Ability to Drive Noticeably Affected
Criminal Penalties in Many
States at These BAC Levels

4

.15

.12

.11

.09

.08

.08

.07

.06

5

.19

.16

.13

.12

.11

.09

.09

.08

6

.23

.19

.16

.14

.13

.11

.10

.09

7

.26

.22

.19

.16

.15

.13

.12

.11

LEGALLY INTOXICATED
Criminal Penalties in Every State
You MUST NOT Drive

8

.30

.25

.21

.19

.17

.15

.14

.13

9

.34

.28

.24

.21

.19

.17

.15

.14

10

.38

.31

.27

.23

.21

.19

.17

.16




FEMALE Body Weight

Hover your mouse over the chart to see effects on your body

100

120

140

160

180

200

220

240

 

0

.00

.00

.00

.00

.00

.00

.00

.00

The ONLY Safe BAC Level for Driving!

1

.05

.04

.03

.03

.03

.02

.02

.02

LEGALLY INTOXICATED IF YOU ARE UNDER 21
Impairment Begins

2

.09

.08

.07

.06

.05

.05

.04

.04

3

.14

.11

.11

.09

.09

.07

.06

.06

Ability to Drive Noticeably Affected
Criminal Penalties in Many
States at These BAC Levels

4

.18

.15

.13

.11

.10

.09

.08

.08

5

.23

.19

.16

.14

.13

.11

.10

.09

6

.27

.23

.19

.17

.15

.14

.12

.11

7

.32

.27

.23

.20

.18

.16

.14

.13

LEGALLY INTOXICATED
Criminal Penalties in Every State
You MUST NOT Drive

8

.36

.30

.26

.23

.20

.18

.17

.15

9

.41

.34

.29

.26

.23

.20

.19

.17

10

.45

.38

.32

.28

.25

.23

.21

.19



FYI,  while not represented in our charts, a .50 results in death.  You can see that an 11th drink may be fatal.  Stronger drinks will put you at higher BAC rates quicker.  1 ½ oz. shots of 100-proof liquor will lower the fatal dose by a couple of drinks.

Again, these tables are very general, but very good guides.  There are a number of other factors which will alter the rate at which alcohol enters your blood and the rate at which it dissipates.  In other words, you can slow down or speed up alcohol's effects, but you can't stop them.  To understand the impact of these variables requires an understanding of how you get drunk in the first place.  So let’s take a tour of your Gastrointestinal System …

The Factory

Three key organs, the stomach, intestines, and liver dictate how quickly your BAC rises and lowers once you begin drinking.

First stop, the stomach.  The stomach absorbs alcohol into the blood through diffusion.  But it does so more slowly than the intestines.  The stomach has a valve at the end called the pyloric valve.  When we eat food, this valve closes so the food can stay in the stomach for digesting.  Therefore, eating food can slow down the rise of your BAC level.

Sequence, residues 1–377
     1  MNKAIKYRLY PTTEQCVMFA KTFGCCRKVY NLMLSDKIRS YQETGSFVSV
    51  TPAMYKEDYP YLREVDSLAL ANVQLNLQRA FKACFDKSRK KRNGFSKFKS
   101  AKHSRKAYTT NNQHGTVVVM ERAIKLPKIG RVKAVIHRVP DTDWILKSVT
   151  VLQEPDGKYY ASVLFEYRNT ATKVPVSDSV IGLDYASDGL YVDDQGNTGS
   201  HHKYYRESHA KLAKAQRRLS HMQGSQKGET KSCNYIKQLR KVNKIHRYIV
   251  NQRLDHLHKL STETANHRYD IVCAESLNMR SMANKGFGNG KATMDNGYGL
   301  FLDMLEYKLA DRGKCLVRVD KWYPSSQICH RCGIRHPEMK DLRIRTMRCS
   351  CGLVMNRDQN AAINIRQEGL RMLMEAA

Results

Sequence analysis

Yechh!  Guts!

Your intestines are far more efficient at diffusing alcohol into your blood than your stomach.  If you drink on an empty stomach, your pyloric valve is open and more of the alcohol reaches the intestine quicker.  The intestine can then diffuse more of it into your bloodstream quicker, thus raising your BAC more quickly.

The liver's role is to eliminate the alcohol.  It does so by producing an enzyme called alcohol dehydrogenase which metabolizes the alcohol.  In chronic drinkers, the constant higher production of this enzyme tends to metabolize alcohol more quickly, thus lowering their BAC more quickly.  However, the proliferation of these same enzymes eventually begins to damage the liver.  95% of the alcohol you drink leaves your body this way.  The rest is released in your sweat, breath, milk, saliva, and urine.  For the average person, an average drink will take about an hour to leave your body.  In BAC numbers, this would be lowering your BAC by .01 every 45 minutes or so.

Other Considerations

Medications

Alcohol is a depressant. If you take any other depressant drugs, the effects of alcohol can be multiplied up to 10 times.  Understand, your BAC will be the same.  But the EFFECTS will be far stronger.  It is very important to always follow instructions for all medications, not just prescribed medicine.  Even aspirin or acetomyophin can be harmful when mixed with alcohol.  Always use caution.

Health

If you are tired, or fatigued, you will achieve a higher BAC than if you are well-rested.  Your liver will work more slowly when you are tired, and process your alcohol more slowly.  Illness can lead to increased BAC levels because when we are sick, we are frequently dehydrated.  With less water in our body, more of the alcohol can enter the blood quicker.

Conclusions

When you drink alcohol, it enters your bloodstream.  There is no way to stop it.  Once in your blood, physiological effects are felt.  These physiological affects rise and ebb over time corresponding to the amount of alcohol in your blood.  BAC is a measurement of how much alcohol there is in your blood.  Only TIME can reduce your BAC.  The higher your BAC, the longer it takes to return to safe driving levels.

Overwhelming evidence shows what happens to our bodies at different BAC levels.  This makes BAC a direct and simple tool in determining when a person is unfit to drive.  This explains why BAC is used around the world for this purpose.